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What Small Business Taxes Should I Plan For?

Our customers have all kinds of questions about taxes, including: what small business taxes should I plan for? Unless you have a background in finance or accounting, this is an area many small business owners don’t pay much attention to during their planning. In this post, we’ll give you a primer on the basics, the small business taxes that matter most, and the role taxes have in getting your business funded using your invoices.

What Are the Most Important Small Business Taxes?

While it’s important to pay all the taxes your small business owes, some types of business tax can impact your business finances more than others, especially depending on your business structure.

Payroll tax

Payroll taxes are a percentage of the employee’s wage deducted from the employee’s pay and a percentage paid by the employer based on the employee’s wage. The reason they’re so important to keep up with (aside from avoiding penalties) is that if you don’t pay them there is no corporate protection. If you are an executive or board member of a company and the company owes small business taxes for employee payroll, you are still personally liable. On payroll taxes, the government has super priority, meaning they will get paid before any lenders or any other outstanding debts your business might have. The government can also garnish the company’s assets (i.e. Bank Accounts) to ensure that any outstanding payroll taxes get paid.

Sales tax

Sales tax rates vary based on the province/state you’re located in. If you sell physical goods or services, you’ll likely need to collect sales taxes (although there are exceptions for both). For digital products, it varies more widely by province/state. For sales that happen across provinces/states, sales tax isn’t generally collected (although in the USA, this has been contested in the Supreme Court).

Unfortunately, many small business owners take the sales tax they collect and use it as a source of extra cash instead of setting it aside, planning to make it up later. It’s easy to see why this can lead to trouble, especially if poor cash flow was the reason behind doing this in the first place.

Excise tax

Excise taxes are the taxes (or duty) on manufactured goods that is charged at the time of manufacture rather than at sale. Excise taxes are only applied to certain kinds of businesses, industries, goods, and services, so it may not be applicable to your specific business.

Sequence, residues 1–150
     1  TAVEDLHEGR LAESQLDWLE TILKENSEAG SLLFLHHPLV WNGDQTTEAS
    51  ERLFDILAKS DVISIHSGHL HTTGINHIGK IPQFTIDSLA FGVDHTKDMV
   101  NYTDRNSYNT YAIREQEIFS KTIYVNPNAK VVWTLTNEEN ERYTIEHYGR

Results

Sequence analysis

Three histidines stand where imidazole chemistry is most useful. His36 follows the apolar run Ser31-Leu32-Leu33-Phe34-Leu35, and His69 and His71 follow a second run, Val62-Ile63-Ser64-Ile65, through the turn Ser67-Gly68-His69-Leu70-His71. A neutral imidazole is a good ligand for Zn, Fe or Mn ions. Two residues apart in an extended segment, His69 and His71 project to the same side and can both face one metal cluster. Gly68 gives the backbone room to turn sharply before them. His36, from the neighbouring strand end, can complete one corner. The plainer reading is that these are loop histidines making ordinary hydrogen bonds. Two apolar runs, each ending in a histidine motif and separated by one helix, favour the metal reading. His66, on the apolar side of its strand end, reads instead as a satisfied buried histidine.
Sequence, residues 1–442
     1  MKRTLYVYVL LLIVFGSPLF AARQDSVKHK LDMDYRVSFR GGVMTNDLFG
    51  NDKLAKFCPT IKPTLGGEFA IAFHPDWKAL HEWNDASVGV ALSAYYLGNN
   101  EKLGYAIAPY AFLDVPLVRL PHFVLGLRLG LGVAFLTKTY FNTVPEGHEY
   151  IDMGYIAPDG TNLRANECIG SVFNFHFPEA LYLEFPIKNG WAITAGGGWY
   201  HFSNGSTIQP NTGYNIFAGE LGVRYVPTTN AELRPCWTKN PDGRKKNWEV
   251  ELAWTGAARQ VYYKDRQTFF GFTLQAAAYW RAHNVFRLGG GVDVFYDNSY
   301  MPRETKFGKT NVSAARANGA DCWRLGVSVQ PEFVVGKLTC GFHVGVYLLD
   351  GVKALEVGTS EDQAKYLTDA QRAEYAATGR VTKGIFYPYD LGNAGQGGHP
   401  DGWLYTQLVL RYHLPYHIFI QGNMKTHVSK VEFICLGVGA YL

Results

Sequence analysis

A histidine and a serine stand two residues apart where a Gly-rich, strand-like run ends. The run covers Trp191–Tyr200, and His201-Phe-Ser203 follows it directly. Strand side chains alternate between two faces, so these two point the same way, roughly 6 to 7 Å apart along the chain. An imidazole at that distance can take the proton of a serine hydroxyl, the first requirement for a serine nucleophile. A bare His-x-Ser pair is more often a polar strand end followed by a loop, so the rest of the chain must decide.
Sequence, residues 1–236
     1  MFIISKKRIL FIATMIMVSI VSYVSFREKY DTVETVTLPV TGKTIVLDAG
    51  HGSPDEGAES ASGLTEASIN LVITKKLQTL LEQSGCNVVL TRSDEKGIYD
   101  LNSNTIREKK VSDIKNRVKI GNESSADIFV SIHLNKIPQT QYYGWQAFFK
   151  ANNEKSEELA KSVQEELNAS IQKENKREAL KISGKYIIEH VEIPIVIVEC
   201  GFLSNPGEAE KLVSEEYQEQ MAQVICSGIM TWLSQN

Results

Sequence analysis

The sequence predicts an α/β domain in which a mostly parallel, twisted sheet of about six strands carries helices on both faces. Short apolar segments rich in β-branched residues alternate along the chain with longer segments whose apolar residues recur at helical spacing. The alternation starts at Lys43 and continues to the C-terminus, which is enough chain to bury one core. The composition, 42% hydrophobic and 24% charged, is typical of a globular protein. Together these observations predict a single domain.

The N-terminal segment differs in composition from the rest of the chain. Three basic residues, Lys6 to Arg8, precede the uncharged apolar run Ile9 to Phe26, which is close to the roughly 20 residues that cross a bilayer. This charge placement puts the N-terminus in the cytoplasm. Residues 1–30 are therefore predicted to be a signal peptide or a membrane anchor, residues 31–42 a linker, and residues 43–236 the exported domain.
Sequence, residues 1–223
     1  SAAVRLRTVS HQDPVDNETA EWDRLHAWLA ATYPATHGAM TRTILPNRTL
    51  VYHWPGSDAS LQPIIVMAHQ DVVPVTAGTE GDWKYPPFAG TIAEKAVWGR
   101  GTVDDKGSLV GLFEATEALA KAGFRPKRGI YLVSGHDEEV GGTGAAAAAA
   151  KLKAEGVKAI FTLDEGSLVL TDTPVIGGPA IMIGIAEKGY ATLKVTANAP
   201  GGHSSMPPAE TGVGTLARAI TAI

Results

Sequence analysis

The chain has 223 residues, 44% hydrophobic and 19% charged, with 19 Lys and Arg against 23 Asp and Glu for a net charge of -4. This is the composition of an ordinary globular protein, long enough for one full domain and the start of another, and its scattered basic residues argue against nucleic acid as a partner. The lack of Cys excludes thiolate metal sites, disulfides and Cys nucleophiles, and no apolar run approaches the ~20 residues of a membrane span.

Self-employment taxes

In the U.S., self-employment tax encompass your FICA tax and includes both Social Security and Medicare taxes. Typically, a salaried employee splits these costs with their employer, but since small business owners are both the employee and the employer, they have pay it all. In Canada, you’re responsible for both the employee and employer Canada Pension Plan (CPP) contributions, as well as employment insurance premiums.

Capital gains tax

The capital gains tax is the tax charged on the profit made when an investment is sold. It is owed for the tax year during which the investment is sold. If any of your business investments appreciate or you make a profit on the sale of business assets, you’ll likely need to pay the capital gains tax. The capital gains tax rate varies and is based in part on whether your gain is long-term or short-term.

Dividends tax

Dividends are a type of business profit that is paid out to shareholders. Dividends are taxed depending on your income level and tax filing status. If you are a shareholder in your business, you may be subject to dividends taxes. 

Corporate income tax

Corporate income taxes are a direct tax on your profits. It is paid after you complete your filing of your Annual Income Tax return. Business income tax rates vary by country. You can use various deductions, provincial/state and federal government subsidies, and tax loopholes to help lower your effective corporate tax rate — which is the rate a corporation actually pays, as opposed to the statutory rate — the stated rate before any deductions are calculated.

Small Business Tax Incentives

It might seem like the number of small business taxes is a lot, but there are things you can do to reduce your federal taxes as well as provincial/state taxes. 

Maximize available business tax deductions

This first step to reduce business taxes is to make sure you’re maximizing your available tax deductions when filing your return. Where your business is located will determine the eligible business expenses you can claim. Business eligible expenses reduce your total taxable business income, and ultimately the amount of small business taxes you have to pay. To make sure you aren’t missing out on eligible opportunities, it’s worth consulting with a tax professional.